Kristen van Diggelen Sloan’s paintings and sculptures aim directly at the eternal. They are visual remnants of an unrelenting pursuit of the invisible – truths well hidden in both the physical and psycho/spiritual realms. Sloan looks to natural science, poetry and various religious traditions and histories to unravel the mysteries of nature, and the nature(s) of reality.
Her often large-scale oil paintings employ Baroque virtuosity and illusion, anthropomorphizing natural elements, to create monumentally scaled portraits of a spiritual journey or condition. Whether an adulterated landscape or a figurine amidst precarious circumstances, Sloan’s paintings are sites of pleasure and pain, anxiety and tranquility, mirroring the human interior where one is both revitalized and victimized by their own psychological surroundings. She uses imagery – complex in signification and often steeped with literary, symbolic or historical reference – purposefully to keep secret and/or to reveal narrative.
Her more recent ceramic work is inspired specifically by the Southern craft tradition of the face jug, and the early desert mothers (women often portrayed as both harlot and heroine, Babylon and Jerusalem) who mastered what the poet/philosopher John O’Donohue called “the art of inwardness, or pedagogy of interiority.”
Sloan looks to the material lavishness of Dutch and Spanish Baroque still life painting to peer, dimly, into the riddles of common experience; Rembrandt for instruction with creating divine light and enchanting darkness; Jay DeFeo for combining representation with abstraction, refinement with expressionism. The monumentality of her work functions within a similar discourse that Mark Rothko used to describe the scale of his larger pictures: “…you are in it, it is not a reducing commanding experience, but one that is human and intimate.”



Each artwork or body of work within my art practice is an exploration within a larger conceptual framework. That said, I do not aim for a distinct style, but invite different mediums, techniques and subject matter, as well as my surroundings and the changing world to impress upon my interests and processes.
My current paintings and sculptures are visibly shaped by my move from San Francisco to rural South Carolina. After learning of the Southern face jug ceramic tradition in our region, I began sculpting figurative stoneware vessels; mediating, mourning, still. They are inspired by various female characters, and are adorned with circular forms including, sacred geometries, mandalas, labyrinths and various iconographic “halos.” I construct them using multiple techniques, including wheel-throwing, hand building and plaster mold-making. The palette is controlled, white glaze over a dark or light stoneware clay body, with selective luster or gold leaf applications.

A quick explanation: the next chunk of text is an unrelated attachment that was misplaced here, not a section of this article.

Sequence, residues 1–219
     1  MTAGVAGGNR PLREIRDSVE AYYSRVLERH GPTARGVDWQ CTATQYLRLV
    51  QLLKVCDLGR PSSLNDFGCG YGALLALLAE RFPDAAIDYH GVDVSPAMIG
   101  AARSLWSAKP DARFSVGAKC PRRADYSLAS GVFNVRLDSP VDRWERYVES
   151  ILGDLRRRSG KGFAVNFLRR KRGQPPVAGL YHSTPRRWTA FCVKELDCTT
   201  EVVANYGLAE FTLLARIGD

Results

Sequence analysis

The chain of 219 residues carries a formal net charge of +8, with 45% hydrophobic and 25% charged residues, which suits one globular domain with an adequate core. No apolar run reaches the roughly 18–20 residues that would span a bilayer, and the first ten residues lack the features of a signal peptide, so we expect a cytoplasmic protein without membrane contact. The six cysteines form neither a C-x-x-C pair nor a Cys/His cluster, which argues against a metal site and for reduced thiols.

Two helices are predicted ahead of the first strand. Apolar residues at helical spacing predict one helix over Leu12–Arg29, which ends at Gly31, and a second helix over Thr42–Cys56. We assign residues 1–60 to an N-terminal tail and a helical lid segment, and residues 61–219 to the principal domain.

My oil paintings range in scale from monumental to easel size. I employ Baroque virtuosity and master oil painting techniques from building the canvases all the way through to the final layers of finish. I bring found objects, both man-made and from nature, as well as my own sculptures, into the studio where I construct still lifes to paint from. For example, the chair and doll depicted in Me Too Girl are from an antique store in Chester, SC, and the barbwire from a fence by the creek behind our house. The Wise and Foolish Virgins were painted from small gold sculptures I made from thistles found on my neighbor’s farm. Self Portrait with Desert Amma I depicts of one my ceramic face sculptures along with articles of my own clothing.



Kristen van Diggelen Sloan received her BA in Visual Art from UCLA in 2006, and her MFA in Painting from the San Francisco Art Institute in 2009. She has exhibited her work nationally at Next, Art Chicago, the New Wright Gallery in Los Angeles, in San Francisco at The Headlands Center for the Arts, Root Division, SOMArts, The Diego Rivera Gallery and locally at Anne Neilson Fine Art in Charlotte. She has received numerous awards and nominations, and her work has been published in the San Francisco Chronicle, 7×7 Magazine, Works and Conversations and CHome. She currently lives and works in rural York County, SC.